As I blogged about a while back, I am running a 1920s Cthulhu game on the side along with my regular Weird West campaign. I lifted an idea from the Secret Cabal Podcast which I found rather inspiring. Rather than your typical game where someone would initially approach the investigators to tackle a specific mission looking into the supernatural, instead it would be based on what the players wanted to look into. It’s a plot crawl campaign.
It’s much like your good old fashioned hex crawl game. While there isn’t a map of randomly generated content, it’s open ended to allow players to go where they will. Like a hex crawl game, a plot crawl has adventure seeds acting like a map of sorts with a few details laid out to grab the player’s interest. They make the choice where to go and what to look into. Sometimes more choices might branch out depending on what they investigate, but they can turn around and poke their heads into another ‘section of the map’ investigating some other adventure plot if they want to.
It’s designed to run very much as an episodic game. There really isn’t any over arching story. As things progress, you can have recurring villains, NPCs, and past events to weave back in as details if needed. It’s immensely flexible as you can tailor the game to deal with past events and players, building up a larger story, or just go for the ‘serial adventure of the week’ format instead. None of this has to be planned out either. You just think of 4 or 5 different adventure seeds and run with it. The details will be fleshed out as the game is played.
My players started the session being called together by a lawyer overseeing the estate of a recently deceased professor. All of them knew the person and had a relationship with him (be it a relative, colleague, etc.). They were each individually named in the will to be present for the opening of a trunk of the professor’s belongings. They were all led into a room, given a key to a small trunk, and left alone to go through the contents.
Inside the trunk they found different files, photographs, and other tidbits of strange information. I had made up a series of props in the manner of photographs, handwritten letters, and fake newspaper clippings. Each group of clues were given codes to match as a set (so all the clues for adventure G were together, while ones for adventure B were in another set, etc.). The players could rifle through the papers and pictures, and decide what they wanted to investigate.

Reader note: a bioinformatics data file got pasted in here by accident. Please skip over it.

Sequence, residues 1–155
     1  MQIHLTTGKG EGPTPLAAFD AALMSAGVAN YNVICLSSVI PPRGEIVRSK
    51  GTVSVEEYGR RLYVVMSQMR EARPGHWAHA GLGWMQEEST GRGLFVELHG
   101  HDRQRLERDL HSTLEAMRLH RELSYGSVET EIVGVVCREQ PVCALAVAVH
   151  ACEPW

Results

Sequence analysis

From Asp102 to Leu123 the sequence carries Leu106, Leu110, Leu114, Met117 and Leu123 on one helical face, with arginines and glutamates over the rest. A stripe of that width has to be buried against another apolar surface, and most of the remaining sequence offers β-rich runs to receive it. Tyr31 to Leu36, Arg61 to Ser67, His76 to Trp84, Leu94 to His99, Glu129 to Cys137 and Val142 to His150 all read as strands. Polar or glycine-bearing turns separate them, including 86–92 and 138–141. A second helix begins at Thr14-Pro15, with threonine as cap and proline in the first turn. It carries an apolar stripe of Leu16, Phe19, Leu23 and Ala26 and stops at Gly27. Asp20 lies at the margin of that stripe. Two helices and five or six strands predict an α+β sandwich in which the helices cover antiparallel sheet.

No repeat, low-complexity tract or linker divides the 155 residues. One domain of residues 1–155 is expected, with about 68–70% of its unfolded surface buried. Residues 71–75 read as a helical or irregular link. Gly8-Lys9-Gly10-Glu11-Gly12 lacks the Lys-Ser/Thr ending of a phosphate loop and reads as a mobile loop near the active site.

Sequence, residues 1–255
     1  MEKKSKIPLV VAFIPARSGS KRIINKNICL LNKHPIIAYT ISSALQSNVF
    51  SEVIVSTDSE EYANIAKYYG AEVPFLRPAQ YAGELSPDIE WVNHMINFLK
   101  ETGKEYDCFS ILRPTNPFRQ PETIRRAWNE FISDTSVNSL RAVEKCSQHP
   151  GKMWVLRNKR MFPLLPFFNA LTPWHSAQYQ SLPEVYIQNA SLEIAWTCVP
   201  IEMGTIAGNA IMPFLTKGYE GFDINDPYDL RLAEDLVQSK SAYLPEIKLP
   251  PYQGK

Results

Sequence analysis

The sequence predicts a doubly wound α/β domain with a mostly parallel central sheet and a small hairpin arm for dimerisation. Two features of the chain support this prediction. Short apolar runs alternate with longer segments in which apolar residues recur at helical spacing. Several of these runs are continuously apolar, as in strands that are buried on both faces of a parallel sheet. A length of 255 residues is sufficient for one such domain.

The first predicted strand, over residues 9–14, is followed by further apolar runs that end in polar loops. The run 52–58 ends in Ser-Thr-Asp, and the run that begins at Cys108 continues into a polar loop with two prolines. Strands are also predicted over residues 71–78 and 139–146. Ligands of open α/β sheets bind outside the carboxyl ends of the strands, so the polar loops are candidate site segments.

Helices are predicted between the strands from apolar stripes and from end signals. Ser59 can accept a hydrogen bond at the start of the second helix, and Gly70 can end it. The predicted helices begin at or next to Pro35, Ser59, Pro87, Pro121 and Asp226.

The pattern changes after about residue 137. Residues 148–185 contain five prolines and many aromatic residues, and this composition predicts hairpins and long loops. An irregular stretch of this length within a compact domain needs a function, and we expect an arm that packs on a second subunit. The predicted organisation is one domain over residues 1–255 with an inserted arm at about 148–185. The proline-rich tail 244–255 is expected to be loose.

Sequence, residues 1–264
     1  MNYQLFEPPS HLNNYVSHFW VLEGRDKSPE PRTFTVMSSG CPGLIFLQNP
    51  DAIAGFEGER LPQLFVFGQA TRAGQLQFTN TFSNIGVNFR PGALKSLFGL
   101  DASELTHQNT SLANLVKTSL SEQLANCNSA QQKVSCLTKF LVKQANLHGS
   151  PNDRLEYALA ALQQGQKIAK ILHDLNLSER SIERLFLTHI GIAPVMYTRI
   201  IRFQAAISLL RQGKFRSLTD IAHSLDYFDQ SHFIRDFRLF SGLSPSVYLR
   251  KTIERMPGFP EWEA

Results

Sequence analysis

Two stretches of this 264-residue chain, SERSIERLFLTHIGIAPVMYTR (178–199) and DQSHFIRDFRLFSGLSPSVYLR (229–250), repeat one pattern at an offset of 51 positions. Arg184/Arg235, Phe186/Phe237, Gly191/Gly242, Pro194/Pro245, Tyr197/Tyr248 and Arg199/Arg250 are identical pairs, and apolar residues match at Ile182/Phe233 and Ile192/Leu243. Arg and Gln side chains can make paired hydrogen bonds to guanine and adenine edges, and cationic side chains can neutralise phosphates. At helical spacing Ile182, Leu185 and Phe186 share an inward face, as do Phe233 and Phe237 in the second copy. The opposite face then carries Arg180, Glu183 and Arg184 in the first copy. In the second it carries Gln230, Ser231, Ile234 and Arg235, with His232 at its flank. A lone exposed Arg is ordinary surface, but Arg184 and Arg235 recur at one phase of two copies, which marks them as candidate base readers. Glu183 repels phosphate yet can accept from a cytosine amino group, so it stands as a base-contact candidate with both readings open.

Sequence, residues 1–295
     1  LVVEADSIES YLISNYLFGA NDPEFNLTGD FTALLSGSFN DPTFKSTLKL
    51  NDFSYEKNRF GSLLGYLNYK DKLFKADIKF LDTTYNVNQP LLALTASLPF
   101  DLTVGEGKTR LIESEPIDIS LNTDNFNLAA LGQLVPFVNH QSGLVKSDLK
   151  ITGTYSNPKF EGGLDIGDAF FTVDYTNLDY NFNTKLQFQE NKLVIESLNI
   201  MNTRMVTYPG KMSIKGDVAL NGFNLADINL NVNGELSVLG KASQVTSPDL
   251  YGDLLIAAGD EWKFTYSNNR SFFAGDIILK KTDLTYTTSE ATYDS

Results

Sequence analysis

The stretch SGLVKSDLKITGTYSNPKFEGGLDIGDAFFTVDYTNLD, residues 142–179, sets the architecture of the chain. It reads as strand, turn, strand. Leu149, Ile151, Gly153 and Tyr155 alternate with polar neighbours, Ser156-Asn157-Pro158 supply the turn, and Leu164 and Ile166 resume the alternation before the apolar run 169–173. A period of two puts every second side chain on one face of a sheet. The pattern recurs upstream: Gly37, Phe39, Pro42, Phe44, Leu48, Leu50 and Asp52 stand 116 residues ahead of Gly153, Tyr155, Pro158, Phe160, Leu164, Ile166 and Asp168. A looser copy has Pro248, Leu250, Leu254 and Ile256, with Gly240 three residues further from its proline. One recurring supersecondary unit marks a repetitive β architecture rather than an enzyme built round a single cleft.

For my first setting, I did kick things into high gear having the lawyer killed under exceedingly strange circumstances. This was followed up with the players being hunted by undead lackeys. All of it emphasizing that the strange did exist, and there were evil forces at play which knew the players had knowledge to secrets better left unknown.
However at the end of the session I gave the players a task. They needed to continue going through the contents of the trunk and decide that night what they wanted to investigate as a group for the next session. All the clues were fragments of some story, location, or odd supernatural thing. I made it a point that there were more papers and files within the trunk (meaning I would add more to the trunk later), however there were 5 different sets of clues and props for them to go through at first.
This really worked well for the group. It was a task to have them decide on what to do next (expect at least 30 minutes or so at your table). However it really cemented the feeling of them investigating these clues of weird, strange events. That there was another layer of occult existence under the normal world around them, and they were slowly unearthing it. Best of all, I knew exactly what the next adventure would be and it was based on what the PCs wanted to investigate further.
It is a bit of a chore to create some convincing props. However I didn’t have to flesh out any adventures. I just needed some ideas of a location, possible NPCs, and some weird thing for the PCs to look into. So you don’t have to have six different adventures fully prepared at the beginning, just a few ideas presented as six different sets of clues. As the players pick what they want to look into, I can turn around and work on that adventure specifically. Since many of the details were rather vague, I could even use an adventure generator for assembling the next adventure if needed. It really is a surprisingly flexible way of providing adventure seeds where the players get to give input on where to go next.
Something like this can be adopted for other settings and I am really beginning to take a shine to it. Maybe it would be printed public notices posted around a fantasy city, or an infonet log players would look through in a sci-fi campaign. Either way, all I would have to do is sketch out a few ideas and let the players decide what they wanted to check out next at the end of the session. If you are struggling to think of ideas for your next campaign consider running a plot crawl, with props and leads for the players they can provide some inspiration for further game sessions.